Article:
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Open Access Research article

Reasons rural Laotians choose home deliveries over delivery at health facilities: a qualitative study

Vanphanom Sychareun13*, Visanou Hansana1, Vatsana Somphet1, Sisouvanh Xayavong1, Alongkone Phengsavanh1 and Rebecca Popenoe2

Author Affiliations

1 Faculty of Postgraduate Studies, University of Health Sciences, Vientiane, Lao PDR

2 Department of Public Health, Global Health Division and Department of Neurobiology, Care Sciences and Society, Division of Nursing, Karolinska Institutet, SE-171 77, Stockholm, Sweden

3 Dean of the Faculty of Postgraduate Studies, University of Health Sciences, Vientiane City, Lao PDR

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BMC Pregnancy and Childbirth 2012, 12:86  doi:10.1186/1471-2393-12-86

Published: 28 August 2012

Abstract

Background

Maternal mortality among poor rural women in the Lao People’s Democratic Republic (Lao PDR) is among the highest in Southeast Asia, in part because only 15% give birth at health facilities. This study explored why women and their families prefer home deliveries to deliveries at health facilities.

Methods

A qualitative study was conducted from December 2008 to February 2009 in two provinces of Lao PDR. Data was collected through eight focus group discussions (FGD) as well as through in-depth interviews with 12 mothers who delivered at home during the last year, eight husbands and eight grandmothers, involving a total of 71 respondents. Content analysis was used to analyze the FGD and interview transcripts.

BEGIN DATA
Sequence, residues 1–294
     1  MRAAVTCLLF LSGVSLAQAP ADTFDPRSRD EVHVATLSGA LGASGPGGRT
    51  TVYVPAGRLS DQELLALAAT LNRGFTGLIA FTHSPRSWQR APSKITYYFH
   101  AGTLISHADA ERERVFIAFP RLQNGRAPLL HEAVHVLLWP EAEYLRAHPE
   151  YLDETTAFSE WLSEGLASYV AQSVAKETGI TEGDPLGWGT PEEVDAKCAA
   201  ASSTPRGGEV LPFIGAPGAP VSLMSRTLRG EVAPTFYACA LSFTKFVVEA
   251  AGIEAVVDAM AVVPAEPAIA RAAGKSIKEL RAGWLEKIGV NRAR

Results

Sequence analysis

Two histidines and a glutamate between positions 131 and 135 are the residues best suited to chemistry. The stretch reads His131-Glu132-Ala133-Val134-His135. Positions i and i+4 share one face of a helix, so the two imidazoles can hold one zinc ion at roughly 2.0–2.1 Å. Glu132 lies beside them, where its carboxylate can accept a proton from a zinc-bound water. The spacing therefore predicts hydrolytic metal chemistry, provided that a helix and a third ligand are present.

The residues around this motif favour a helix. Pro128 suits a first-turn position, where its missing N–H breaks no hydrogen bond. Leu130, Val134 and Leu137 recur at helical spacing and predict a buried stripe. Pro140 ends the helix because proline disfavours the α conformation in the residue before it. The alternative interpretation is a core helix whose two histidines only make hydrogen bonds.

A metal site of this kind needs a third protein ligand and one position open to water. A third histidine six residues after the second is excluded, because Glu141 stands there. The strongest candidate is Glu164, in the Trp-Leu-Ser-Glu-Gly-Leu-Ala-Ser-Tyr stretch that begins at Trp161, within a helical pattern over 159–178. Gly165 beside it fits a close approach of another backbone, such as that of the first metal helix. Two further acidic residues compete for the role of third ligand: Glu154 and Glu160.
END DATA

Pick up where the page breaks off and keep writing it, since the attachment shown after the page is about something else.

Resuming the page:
Results

Obstacles to giving birth at health facilities included: (1) Distance to the health facilities and difficulties and costs of getting there; (2) Attitudes, quality of care, and care practices at the health facilities, including a horizontal birth position, episiotomies, lack of privacy, and the presence of male staff; (3) The wish to have family members nearby and the need for women to be close to their other children and the housework; and (4) The wish to follow traditional birth practices such as giving birth in a squatting position and lying on a “hot bed” after delivery. The decision about where to give birth was commonly made by the woman’s husband, mother, mother-in-law or other relatives in consultation with the woman herself.

Conclusion

This study suggests that the preference in rural Laos for giving birth at home is due to convenience, cost, comfort and tradition. In order to assure safer births and reduce rural Lao PDR’s high maternal mortality rate, health centers could consider accommodating the wishes and traditional practices of many rural Laotians: allowing family in the birthing rooms; allowing traditional practices; and improving attitudes among staff. Traditional birth attendants, women, and their families could be taught and encouraged to recognize the signs of at-risk pregnancies so as to be able to reach health facilities on time.